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Tony Franklin P Review

Discussion in 'Basses [BG]' started by trainyourhuman, Feb 27, 2006.

  1. trainyourhuman


    Apr 12, 2000
    Played the one that they had at Eldery through an old Ampeg flip top 12 combo.

    Summary: Best Fender made today? Best PJ bass made period.

    First off, the construction was better than any Fender I have ever seen. The pots felt solid, which has been something of a problem with recent Fenders, and the neck joint was beyond solid. I sat for a minute wondering how they got the neck in there in the first place, it was that tight. Finish was great and the burst was much more subdued that some of the other Fenders I've seen lately. Nice.

    Unplugged, it was very quiet. THis was a little disconcerting to me, but I was soon to be proved wrong.

    Whoa! Plugged in this thing just kills. The best PJ I have ever played/heard. I would definitely buy one and have a fretted neck for it also.

    THere are so many tones to be had here... The P tones are true P. The J tones are true J and Fender used a true single coil so there is hum. THe 3 postiion selector is the key, I think. Instead of 2 volumes, or a blend, the selector really lets the bass speak with two the voices we know and love so well. In the center position, there was a little hum. This was defintiely the Tony Franklin setting. Great fretless tones to be had.

    The ebony fretboard was well planed, no high spots that I could find. The D tuner was a nice touch as well.

    Now, I have really kind of abandoned fretless, and while I was playing I couldn't help but imagine the bass with a maple (fretted) board. I can see this as the prefect classic rock gig machine.
  2. wyleeboxer

    wyleeboxer Supporting Member

    Apr 28, 2005
    Orange County, CA
    Was there any phase cancellation or drop in tone with both the PUPS on full? Looks like a great well made fender for sure, especially for close to a couple grand.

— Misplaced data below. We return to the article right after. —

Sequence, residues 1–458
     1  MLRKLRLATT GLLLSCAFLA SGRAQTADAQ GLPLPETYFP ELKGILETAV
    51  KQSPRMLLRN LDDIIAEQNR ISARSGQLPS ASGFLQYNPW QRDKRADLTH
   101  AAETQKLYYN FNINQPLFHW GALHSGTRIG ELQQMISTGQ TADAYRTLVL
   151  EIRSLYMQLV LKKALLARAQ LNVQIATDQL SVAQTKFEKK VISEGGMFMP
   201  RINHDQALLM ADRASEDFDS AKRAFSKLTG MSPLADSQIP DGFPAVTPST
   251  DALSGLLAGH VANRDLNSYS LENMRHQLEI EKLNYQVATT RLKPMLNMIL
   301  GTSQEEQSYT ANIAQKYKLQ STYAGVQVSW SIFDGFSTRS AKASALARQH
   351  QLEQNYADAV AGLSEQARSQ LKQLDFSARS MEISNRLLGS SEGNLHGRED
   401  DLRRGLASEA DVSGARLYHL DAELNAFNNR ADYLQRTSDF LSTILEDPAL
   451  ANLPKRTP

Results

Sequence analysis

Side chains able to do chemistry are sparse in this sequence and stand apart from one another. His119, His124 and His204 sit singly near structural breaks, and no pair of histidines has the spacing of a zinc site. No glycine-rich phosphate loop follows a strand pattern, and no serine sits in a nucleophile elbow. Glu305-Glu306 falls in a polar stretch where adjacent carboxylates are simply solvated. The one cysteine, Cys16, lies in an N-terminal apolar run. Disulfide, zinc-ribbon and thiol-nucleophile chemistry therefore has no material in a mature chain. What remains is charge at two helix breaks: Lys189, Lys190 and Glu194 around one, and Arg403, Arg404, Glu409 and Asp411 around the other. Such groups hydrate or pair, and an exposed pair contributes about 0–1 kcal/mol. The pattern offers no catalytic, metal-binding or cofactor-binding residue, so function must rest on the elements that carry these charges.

3. trainyourhuman


    Apr 12, 2000
    THe price on that was 1289 I think. I noticed no drop in signal at all when both pickups were on. No noticable phase either. To me it sounded like it was set up with both pickups wired to the jack - with the 3 way swith acting on an on-on-on switch.
  4. vic_6


    Dec 19, 2004
    Manila, Philippines
    would you know the distance of the j p/up to the bridge? 60's or 70's style?
  5. I thought the Tony Franklin was MIJ? Is it MIA?
  6. Splanky


    Jun 10, 2002
    Gothenburg Sweden

  7. Hi G, I have a question about the TF fretless..the specs say the fingerboard is ebony..how thick is the board? and do you think it would hold up to the abuse of roundwound strings? thanks
  8. trainyourhuman


    Apr 12, 2000
    I'll try to get these things straight.

    I would say the J pickup is more 70's than 60's. It is an exact replication of Tony's bass, and the J in his bass was a mod, if I am not mistaken. Therefore it is not in exactly either location, but if I had to say I would say more 70's.

    It is totally an MIA bass, and I found it to be better built than wither of the custom shop basses that Elderly had in stock.

    THe board is ebony, and again it is thicker than average. I'd say somewhere between 1/8 and 1/4 inch thick. THe bass was strung with nickel rounds from the factory and the fretboard was clean as a whistle. I think it would wear really well, especially if you stuck with Fender nickels.

    I forgot to mention that the setup was amazing as well. THe best set up bass in the store that didn't say Sadowsky on the headstock.
  9. sound like a winner. thanks